I think attending conferences is really important for students at all levels. I can only afford to send my grad students (though I have sent undergrads to local meetings), but I make a strong effort to send every student who has something they can present to one meeting per year. In practice, this means pretty much all of them, every year. I think this is so important to their development, that this is a priority for me. We also apply for any travel support that is available to facilitate this.
This last conference I attended with some of my students, I noticed that some of them were not really making the most of the (professional) opportunity. Then I remembered that when I was a student (a shy, introverted, not really self-confident student), I spent most conferences hanging out with people I already knew from my undergrad or PhD universities, which was fun, but not really the point. No one ever suggested ways I could get more out of meetings, which would have helped newbie Prodigal a lot. So I decided to start explaining to my students what they should be doing to make the most of a conference (especially since in lean years, we scrape by so I can send them).
Prodigal's rules for conference success:
1. The stated point of a conference is to exchange ideas. So you need to:
Get your work out there! This of course means that it is important to present your work well in a good presentation (THAT DOESN'T GO OVER TIME!) or as a well thought out poster. It means you need to be at your poster for at least half of the poster session. But most importantly, it means you must discuss your work with other people, even outside of your talk/poster.
Attend talks/posters on things that interest you that might not be directly relevant ot your project. This is a great way to get new ideas, and to learn about a new direction/new area. Most speakers will be distilling one or more papers into the allotted speaking time. The good ones will get you up to speed on the key points during their talks, which can save hours of laboring over papers and references. I find that attending talks on topics I am interested in is the best way to spark my creativity with my own work.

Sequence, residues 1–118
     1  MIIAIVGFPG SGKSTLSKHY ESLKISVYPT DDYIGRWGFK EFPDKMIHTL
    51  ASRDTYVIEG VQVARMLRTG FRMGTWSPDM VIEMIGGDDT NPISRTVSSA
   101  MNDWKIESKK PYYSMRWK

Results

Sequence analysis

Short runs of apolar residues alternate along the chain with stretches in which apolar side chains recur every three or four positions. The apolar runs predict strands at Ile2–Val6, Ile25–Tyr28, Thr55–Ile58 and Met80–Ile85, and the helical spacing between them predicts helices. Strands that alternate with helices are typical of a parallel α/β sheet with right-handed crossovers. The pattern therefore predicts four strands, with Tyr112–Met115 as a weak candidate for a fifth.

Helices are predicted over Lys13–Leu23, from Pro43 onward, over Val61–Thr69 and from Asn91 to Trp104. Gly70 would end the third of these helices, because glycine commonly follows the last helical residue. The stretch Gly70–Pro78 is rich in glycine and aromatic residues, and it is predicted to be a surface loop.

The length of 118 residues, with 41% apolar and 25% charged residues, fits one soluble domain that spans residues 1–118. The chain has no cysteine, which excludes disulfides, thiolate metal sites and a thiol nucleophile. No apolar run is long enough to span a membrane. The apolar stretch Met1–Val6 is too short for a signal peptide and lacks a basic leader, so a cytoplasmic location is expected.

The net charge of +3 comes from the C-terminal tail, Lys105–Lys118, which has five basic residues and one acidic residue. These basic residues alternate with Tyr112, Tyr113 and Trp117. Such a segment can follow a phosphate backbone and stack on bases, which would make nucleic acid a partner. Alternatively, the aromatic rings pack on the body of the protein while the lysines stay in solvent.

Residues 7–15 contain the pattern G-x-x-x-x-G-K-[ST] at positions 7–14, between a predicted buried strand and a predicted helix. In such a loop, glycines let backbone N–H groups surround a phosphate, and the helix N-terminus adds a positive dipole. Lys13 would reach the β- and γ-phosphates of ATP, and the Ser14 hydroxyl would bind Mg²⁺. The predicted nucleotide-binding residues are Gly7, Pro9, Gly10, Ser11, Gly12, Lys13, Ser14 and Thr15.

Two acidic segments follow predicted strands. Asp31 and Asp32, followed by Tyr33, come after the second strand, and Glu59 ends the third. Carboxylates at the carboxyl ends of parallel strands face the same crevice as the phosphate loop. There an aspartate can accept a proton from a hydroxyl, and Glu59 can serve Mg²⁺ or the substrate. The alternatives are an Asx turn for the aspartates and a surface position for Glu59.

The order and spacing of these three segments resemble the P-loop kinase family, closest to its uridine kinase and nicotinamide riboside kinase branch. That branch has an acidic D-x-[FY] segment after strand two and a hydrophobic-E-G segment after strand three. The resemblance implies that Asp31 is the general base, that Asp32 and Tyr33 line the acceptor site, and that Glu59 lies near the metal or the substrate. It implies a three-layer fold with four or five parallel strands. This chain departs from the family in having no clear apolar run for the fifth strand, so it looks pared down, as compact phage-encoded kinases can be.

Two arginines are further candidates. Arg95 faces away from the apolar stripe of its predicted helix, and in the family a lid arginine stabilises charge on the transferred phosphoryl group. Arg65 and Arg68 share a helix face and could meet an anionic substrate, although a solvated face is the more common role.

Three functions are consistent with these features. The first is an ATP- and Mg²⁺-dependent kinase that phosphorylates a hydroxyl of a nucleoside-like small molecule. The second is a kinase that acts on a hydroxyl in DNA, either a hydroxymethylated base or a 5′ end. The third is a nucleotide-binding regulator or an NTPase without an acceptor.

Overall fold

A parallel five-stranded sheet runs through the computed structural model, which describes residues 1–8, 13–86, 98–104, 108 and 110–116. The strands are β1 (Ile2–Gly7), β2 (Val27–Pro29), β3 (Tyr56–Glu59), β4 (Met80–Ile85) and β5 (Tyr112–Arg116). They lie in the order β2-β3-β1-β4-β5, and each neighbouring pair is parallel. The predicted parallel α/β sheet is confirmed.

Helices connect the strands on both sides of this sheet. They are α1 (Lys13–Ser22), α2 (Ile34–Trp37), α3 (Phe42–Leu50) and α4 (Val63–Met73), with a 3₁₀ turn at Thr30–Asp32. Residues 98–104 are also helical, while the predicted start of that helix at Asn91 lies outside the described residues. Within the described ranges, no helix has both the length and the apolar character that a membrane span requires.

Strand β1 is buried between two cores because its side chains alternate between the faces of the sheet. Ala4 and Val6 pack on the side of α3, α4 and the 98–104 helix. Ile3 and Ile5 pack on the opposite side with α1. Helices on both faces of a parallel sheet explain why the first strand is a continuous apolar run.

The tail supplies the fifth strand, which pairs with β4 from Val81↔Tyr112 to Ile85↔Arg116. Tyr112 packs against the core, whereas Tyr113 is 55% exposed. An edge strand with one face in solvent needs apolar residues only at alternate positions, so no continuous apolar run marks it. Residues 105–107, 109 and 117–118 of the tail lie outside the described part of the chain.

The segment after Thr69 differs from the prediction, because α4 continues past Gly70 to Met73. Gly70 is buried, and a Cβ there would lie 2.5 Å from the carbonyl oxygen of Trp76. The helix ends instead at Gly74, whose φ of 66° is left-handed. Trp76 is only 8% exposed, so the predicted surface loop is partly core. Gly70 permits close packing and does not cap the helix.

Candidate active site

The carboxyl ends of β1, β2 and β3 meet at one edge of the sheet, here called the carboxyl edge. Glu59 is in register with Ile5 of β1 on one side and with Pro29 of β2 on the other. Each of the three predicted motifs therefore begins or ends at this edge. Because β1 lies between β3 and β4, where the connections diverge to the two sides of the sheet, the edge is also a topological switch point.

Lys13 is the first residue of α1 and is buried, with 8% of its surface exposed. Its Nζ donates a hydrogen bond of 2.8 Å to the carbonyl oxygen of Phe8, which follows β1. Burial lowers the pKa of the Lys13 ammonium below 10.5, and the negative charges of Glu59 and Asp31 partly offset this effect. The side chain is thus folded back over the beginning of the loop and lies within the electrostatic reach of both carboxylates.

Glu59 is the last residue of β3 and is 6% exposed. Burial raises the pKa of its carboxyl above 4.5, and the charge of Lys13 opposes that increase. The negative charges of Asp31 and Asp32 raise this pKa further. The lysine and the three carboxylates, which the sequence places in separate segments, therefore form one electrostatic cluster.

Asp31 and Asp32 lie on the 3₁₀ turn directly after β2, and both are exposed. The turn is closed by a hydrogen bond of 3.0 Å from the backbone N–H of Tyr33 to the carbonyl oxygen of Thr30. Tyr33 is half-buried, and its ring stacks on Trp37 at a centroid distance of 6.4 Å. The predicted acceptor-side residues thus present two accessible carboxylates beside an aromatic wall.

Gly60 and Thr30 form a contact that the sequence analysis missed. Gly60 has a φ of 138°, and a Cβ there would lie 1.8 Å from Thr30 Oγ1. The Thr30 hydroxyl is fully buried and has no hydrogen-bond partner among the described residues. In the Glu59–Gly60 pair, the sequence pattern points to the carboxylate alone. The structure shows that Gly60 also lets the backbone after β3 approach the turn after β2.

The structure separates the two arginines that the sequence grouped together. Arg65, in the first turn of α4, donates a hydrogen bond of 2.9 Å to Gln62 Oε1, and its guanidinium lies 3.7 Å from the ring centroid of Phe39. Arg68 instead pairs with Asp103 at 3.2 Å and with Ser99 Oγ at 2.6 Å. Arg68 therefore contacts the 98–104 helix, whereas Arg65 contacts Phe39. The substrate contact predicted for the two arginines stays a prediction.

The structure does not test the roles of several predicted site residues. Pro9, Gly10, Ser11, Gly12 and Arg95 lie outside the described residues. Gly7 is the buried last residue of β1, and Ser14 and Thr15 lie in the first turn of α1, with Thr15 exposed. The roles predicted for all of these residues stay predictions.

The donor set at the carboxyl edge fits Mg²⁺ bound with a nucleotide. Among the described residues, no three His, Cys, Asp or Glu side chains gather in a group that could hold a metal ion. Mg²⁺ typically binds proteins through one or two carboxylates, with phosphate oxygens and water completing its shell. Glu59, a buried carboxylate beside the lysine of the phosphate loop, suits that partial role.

Talk to people in your field to hear about negative results. Negative results are usually thrown in to another paper (as an add-on to positive results), so it could be years before anyone knows that a particular line of research is unlikely to be fruitful. People will talk about negative results in person when discussing their research, though. The publication bias towards positive results means that many labs try the same thing that leads nowhere until someone puts it into the literature that the method doesn't work and stops new entrants to the field from trying it. You can avoid that by talking to other people so you don't invest loads of time in something unlikely to be successful. You should do the same for others, by the way, to help save them time too.
2. The actual point of a conference is networking. So there are three things you need to do:
Look over the program and "stalk" people who you'd like to meet. By "stalk", I don't mean actually stalk! Just find out when they will be presenting and attend the session. You can ask a question/introduce yourself at a break. This is your chance to meet people in your field! As a student, it works best with younger, less established scientists, but there are well-established folks who enjoy meeting students. There are also well-established folks who decidedly don't, but that is good information to find out too.
Make sure you meet new people! This may seem obvious, but it is not. It is easiest to do at mixers/coffee breaks, where people are feeling social, or at poster sessions, where there is a natural way to approach people (at posters) and a natural topic (the research). You can also have your existing friends/mentors introduce you to new people. The people you meet at conferences are your peers. They will be reviewing your manuscripts and proposals, inviting people to various events, and possibly telling you about professional opportunities. They will also tell you the real story about their research (the stuff you can't/don't put into papers). You need to get your name out there. Being talented is not enough if no one but you and your advisor know it. You should also follow up with the ones that you clicked best with after the conference via email.
Refresh connections with people you've met before. Ways to do this: attend their talks/posters, contact them and set up a meeting, arrange to bump into them at a coffee break, track them down at conference social events. Even if you meet someone face to face once a year, it is enough to make them a professional contact after a few meetings. It also gives you someone outside your university to hang out with who can introduce you to new people (see previous).
Point 2 on networking (and its importance) came as a surprise to some of my less experienced students. Early on, many of them still believe that science is a strict meritocracy, and are shocked that networking is so important to success. It is best for them to learn this early, so they can start figuring out networking strategies that work for them.
After my students return from a conference, I like to have them give a group meeting on what they saw, with an emphasis on things that will help our projects, things they thought were the most interesting, and people they think we should pay attention to.
Fighting for first
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